The first time you apply for a job can be nerve-wracking. Maybe you’re a recent university graduate on the path to an exciti
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Throughout school and uni your success has been almost exclusively based on your grades- you’re judged on whether you get As, Bs or Cs, or whether you achieve that sought after 2.1, the importance of education in life is well known.
While we’d be lying if we said your academic achievements aren’t important to employers, they aren’t necessarily the be all and end all when it comes to landing yourself your dream job.
Yes, really! In fact, here are ten things that impress potential employers more than straight as:
Experience can be a lot more attractive than grades, particularly if it’s relevant.
For instance, if you’re applying for a marketing role and have a 6 month marketing internship under your belt, your potential employer knows that:
1) You have some of the basic skills and knowledge needed for the role, so they won’t have to invest time and money into training you up completely from scratch.
2) You know what you are getting into. You’re likely to have some grasp of what marketing is and are, as a result, less likely to quit within the first few months and leave your employer with the palaver of having to re-hire!
Read about how volunteering can boost your employability.
If we had a penny for every time one our clients requested a grad with cracking communication skills, we’d be very rich indeed!
No matter how technical a job, soft skills will always play a big part in your success – you need to be able to relay ideas to your manager, speak to clients and persuade team members round to your way of thinking.
Sociable hobbies that involve effective communication, such as team sports, volunteering or event organisation and work experience in a customer-facing environment are great ways to suggest to employers that you’re a good communicator.
From an employer’s point of view, a candidate who is passionate about their company and their sector is an incredibly attractive prospect.
Of course an employer wants you to be bright, but if you don’t have the passion for their role then you aren’t going to go the extra mile for them.
So, how do you show a company really want to work for them? Simple: a CV and cover letter tailored to the employer, and a level of pre-interview research that would put a private investigator to shame.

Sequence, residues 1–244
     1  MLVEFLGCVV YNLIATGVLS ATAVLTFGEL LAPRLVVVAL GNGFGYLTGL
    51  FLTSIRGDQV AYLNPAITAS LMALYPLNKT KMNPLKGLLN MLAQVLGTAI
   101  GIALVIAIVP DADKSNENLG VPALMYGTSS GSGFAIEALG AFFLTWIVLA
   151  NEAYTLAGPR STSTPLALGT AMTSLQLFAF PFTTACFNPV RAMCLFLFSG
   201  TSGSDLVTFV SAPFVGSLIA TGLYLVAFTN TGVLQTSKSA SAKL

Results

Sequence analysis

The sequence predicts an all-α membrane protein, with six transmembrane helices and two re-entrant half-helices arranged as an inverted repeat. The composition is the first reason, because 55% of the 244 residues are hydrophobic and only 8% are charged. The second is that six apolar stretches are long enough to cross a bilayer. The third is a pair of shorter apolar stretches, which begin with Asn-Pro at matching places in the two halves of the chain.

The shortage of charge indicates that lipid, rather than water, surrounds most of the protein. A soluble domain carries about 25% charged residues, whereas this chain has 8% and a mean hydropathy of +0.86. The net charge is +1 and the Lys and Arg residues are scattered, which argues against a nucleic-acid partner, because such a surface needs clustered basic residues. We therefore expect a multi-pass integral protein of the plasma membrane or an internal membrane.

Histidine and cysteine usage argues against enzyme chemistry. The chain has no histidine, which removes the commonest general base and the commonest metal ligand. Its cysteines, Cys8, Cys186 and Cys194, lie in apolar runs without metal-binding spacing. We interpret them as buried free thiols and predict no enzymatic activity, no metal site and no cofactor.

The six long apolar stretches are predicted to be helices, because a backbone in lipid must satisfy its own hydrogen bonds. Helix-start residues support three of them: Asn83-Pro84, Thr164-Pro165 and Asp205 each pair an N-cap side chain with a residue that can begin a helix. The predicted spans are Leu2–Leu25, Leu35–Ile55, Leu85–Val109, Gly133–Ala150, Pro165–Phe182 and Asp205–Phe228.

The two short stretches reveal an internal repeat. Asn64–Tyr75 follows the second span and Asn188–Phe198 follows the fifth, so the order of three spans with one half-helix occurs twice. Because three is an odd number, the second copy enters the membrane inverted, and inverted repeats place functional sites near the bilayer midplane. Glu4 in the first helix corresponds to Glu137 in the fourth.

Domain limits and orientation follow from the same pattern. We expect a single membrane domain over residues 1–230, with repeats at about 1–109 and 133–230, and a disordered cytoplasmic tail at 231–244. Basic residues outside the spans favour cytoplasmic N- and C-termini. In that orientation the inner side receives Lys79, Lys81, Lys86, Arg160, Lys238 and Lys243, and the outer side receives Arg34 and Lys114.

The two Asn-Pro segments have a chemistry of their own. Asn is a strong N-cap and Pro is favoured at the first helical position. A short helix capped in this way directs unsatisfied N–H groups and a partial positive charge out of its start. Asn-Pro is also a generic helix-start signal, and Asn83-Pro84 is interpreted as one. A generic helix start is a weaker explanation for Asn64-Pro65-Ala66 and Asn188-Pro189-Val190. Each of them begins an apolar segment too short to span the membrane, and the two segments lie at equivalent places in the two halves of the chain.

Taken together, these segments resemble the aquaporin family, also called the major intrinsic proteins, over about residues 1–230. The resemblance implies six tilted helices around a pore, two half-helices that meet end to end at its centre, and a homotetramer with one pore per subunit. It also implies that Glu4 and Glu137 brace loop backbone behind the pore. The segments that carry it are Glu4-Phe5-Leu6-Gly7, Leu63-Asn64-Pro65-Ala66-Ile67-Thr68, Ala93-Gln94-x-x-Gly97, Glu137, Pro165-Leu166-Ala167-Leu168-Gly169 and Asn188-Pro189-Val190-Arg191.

Whether you’re an accomplished sportsperson, musician, writer or comedian, success in other areas of your life can more alluring to an employer than academic prowess.
While your grade 8 piano might not be directly relevant to the job spec, (unless you’re applying to be a music teacher of course), it implies that you can knuckle down, work hard and have a drive to succeed.
This is important, particularly at the interview stage when an employer asks you the common interview question "what are your hobbies and interests?"
If you’re on the graduate job hunt, this is a phrase that you’ll see again and again (and probably again after that).
Grads with business nous, as far as employers are concerned, are a rare breed.
Running your own business venture at university, managing the finances for a society or organising a fundraising event all show you’ve got an idea of how businesses work.
Still unsure? Find out exactly what commercial awareness is and why graduate employers value it so much.
You have something that will be incredibly useful to a subset of employers, and can use this to trump any academic mishaps. Check out these 11 free online courses to help you upskill.
Think about it: if a company needs someone to converse with clients in Italian, and you can do this, then that C grade in your Maths A-level isn’t going to hold you back! It's true that languages do boost your employability, here's 8 tips on how to learn a language.
Make sure you display any specialist strong-suits loudly and proudly on your CV.
Flexibility is extremely important to graduate employers. Grad roles will often be quite generalised- so you need to be willing and able to chip in wherever you’re needed!
Giving examples of times you’ve thrived in unfamiliar situations, either on your CV or at interview, will show employers you take new tasks in your stride.
Being able to stand on your own two feet, work autonomously and having the confidence to follow through with your decisions, are all very appealing traits for an employer.
From their point of view, the less time they have to spend monitoring you, the more time they can spend getting on with their own work!
While you’re unlikely to hop into your first graduate position and be managing a team of 20, employers will want to know that you have the potential to lead.
Why? When employers are looking for grads they’re hunting for good long-term, as well as short term, prospects- they want to hire the future managers and leaders of their business.
Last (but certainly not least) on our list is professionalism. An employer needs to know that they can put you in front of their clients/candidates/colleagues and that you’re going to be a good representative for their company and brand.
How you handle yourself in the application and interview process will give employers clues about your professionalism. Make sure you have a squeaky clean digital footprint (those photos of Ibiza ’09 should be well hidden!) and that you have a professional email address (i.e. NOT email@example.com).